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To the Diamond Mountains: A Hundred-Year Journey through China and Korea

From the publisher’s website:

This compelling and engaging book takes readers on a unique journey through China and North and South Korea. Tessa Morris-Suzuki travels from Harbin in the north to Busan in the south, and on to the mysterious Diamond Mountains, which lie at the heart of the Korean Peninsula’s crisis. As she follows in the footsteps of a remarkable writer, artist, and feminist who traced the route a century ago—in the year when Korea became a Japanese colony—her saga reveals an unseen face of China and the two Koreas: a world of monks, missionaries, and smugglers; of royal tombs and socialist mausoleums; a world where today’s ideological confrontations are infused with myth and memory. Northeast Asia is poised at a moment of profound change as the rise of China is transforming the global order and tensions run high on the Korean Peninsula, the last Cold War divide. Probing the deep past of this region, To the Diamond Mountains offers a new and unexpected perspective on its present and future.

Tessa Morris-Suzuki is professor in the College of Asia and the Pacific, Australian National University. She is the winner of the 2013 Fukuoka Prize. To watch the author’s video about making the book, click here.


Prologue: May Day on the Yalu River
Chapter 1: On the Move: To Harbin and Hulan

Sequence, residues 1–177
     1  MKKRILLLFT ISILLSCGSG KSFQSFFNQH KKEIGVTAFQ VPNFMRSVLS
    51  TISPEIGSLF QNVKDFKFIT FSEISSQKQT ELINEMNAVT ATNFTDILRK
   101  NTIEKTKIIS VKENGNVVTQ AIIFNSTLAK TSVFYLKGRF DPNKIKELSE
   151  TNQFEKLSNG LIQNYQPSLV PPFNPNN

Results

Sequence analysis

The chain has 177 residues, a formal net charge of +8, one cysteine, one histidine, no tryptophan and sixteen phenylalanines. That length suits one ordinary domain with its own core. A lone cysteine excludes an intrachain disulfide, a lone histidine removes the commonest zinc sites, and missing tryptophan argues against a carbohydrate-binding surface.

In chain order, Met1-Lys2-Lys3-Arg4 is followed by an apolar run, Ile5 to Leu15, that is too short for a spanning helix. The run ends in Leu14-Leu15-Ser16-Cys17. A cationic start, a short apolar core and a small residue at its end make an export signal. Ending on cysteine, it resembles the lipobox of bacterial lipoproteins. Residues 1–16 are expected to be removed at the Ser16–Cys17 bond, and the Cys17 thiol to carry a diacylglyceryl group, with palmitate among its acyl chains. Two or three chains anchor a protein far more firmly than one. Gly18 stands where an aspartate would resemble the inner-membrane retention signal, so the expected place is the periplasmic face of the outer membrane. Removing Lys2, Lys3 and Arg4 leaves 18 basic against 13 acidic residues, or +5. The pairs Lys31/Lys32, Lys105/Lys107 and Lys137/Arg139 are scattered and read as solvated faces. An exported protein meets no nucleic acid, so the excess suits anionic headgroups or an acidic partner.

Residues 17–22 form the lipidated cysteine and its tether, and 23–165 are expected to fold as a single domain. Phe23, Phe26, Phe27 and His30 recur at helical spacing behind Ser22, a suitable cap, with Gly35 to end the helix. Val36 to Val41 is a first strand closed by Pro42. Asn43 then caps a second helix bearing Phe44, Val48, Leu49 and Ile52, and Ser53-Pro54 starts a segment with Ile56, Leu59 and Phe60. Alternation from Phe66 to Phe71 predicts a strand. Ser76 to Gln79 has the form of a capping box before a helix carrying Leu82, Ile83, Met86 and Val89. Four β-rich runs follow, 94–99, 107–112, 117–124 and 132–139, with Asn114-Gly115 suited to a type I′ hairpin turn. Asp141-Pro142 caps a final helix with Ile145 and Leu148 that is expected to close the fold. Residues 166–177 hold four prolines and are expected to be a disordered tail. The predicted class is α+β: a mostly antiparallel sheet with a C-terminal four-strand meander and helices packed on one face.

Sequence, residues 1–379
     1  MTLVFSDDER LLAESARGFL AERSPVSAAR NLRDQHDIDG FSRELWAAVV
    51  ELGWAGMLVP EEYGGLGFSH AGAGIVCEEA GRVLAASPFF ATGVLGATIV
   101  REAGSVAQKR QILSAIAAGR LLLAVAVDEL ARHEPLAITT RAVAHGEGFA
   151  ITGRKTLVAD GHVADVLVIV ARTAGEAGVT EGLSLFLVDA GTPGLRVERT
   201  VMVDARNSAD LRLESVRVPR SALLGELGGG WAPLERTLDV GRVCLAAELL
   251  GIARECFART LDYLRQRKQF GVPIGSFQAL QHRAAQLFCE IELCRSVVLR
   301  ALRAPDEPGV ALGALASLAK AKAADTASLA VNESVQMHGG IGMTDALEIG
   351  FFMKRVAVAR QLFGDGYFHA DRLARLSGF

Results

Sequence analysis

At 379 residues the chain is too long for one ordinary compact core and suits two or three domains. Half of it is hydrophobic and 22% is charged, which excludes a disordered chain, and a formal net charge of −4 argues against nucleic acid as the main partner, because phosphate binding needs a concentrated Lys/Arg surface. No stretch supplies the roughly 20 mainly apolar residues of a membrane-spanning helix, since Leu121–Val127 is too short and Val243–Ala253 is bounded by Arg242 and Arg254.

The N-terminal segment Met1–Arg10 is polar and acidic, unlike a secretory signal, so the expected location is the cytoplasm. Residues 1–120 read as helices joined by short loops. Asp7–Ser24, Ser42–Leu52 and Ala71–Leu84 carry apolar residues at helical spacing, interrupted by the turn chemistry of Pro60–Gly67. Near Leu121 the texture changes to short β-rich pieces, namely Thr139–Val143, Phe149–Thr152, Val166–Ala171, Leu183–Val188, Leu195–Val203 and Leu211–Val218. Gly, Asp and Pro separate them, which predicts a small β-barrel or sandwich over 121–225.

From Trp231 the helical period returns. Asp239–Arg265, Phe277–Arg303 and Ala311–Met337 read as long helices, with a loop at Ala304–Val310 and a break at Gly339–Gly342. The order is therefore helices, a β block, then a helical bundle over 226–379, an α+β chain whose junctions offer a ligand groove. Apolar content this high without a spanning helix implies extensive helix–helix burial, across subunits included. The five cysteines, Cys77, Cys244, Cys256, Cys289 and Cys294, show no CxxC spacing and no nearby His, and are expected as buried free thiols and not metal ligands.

Chapter 2: Manchurian Ghosts: Changchun and Shenyang
Chapter 3: Of Sacred Mountains: Liaoyang and the Thousand Peaks
Chapter 4: Borderlands: From Shanyang to Dandong
Chapter 5: Across the Bridge: To Sinuiju and beyond
Chapter 6: Diversion: On Time
Chapter 7: The New Jerusalem: Pyongyang
Chapter 8: Both Sides Now: Kaesong, Dorasan, and the Line in Between
Chapter 9: In the Palace of the Murdered Queen: Seoul
Chapter 10: Islands in the Bay: To Busan
Chapter 11: The Road to the Mountains: South from Wonsan
Chapter 12: Traveling Hopefully

LKL says:

Highly readable travel account in which the author tries to replicate the journey made by an intrepid Englishwoman, Emily Kemp, in 1910. Sadly, neither traveller saw everything they wanted to in the Diamond Mountains, Ms Kemp because her local guides were clueless, and Ms Morris-Suzuki because her itinerary was largely dictated by her official DPRK guides. Plus, of course, the spectacular temples that once embellished the mountains are no more – though Ms Morris-Suzuki tells us that the South Korean Jogye Order have some ambitious restoration plans. For LKL, the interest in this book lies in the hundred-year-old story of Ms Kemp’s travels (you can find copies of her 1911 travel account – The Face of Manchuria, Korea, & Russian Turkestanon Amazon.) and also the early part of the journey in Manchuria. We discover that the colonial Japanese government sought to promote the Diamond Mountains to foreigners as a tourist destination by mentioning the pioneering travel account by Isabella Bird Bishop – so that’s next on our reading list.

LKL rating: score-2score-2score-2score-1score-0

Entry on here.

* Where the book is available from a number of sources, they are prioritised as follows: (1) Amazon UK site, or for the more recent uploads (2) Amazon US site (3) Other sites in US or Europe, including second-hand outlets (4) LTI Korea, where the title is advertised as available from there (5) Onlines stores in Korea. Links to and Amazon UK site contain an affiliate code which, should you make a purchase, gives a small commission to LKL at no additional cost to you.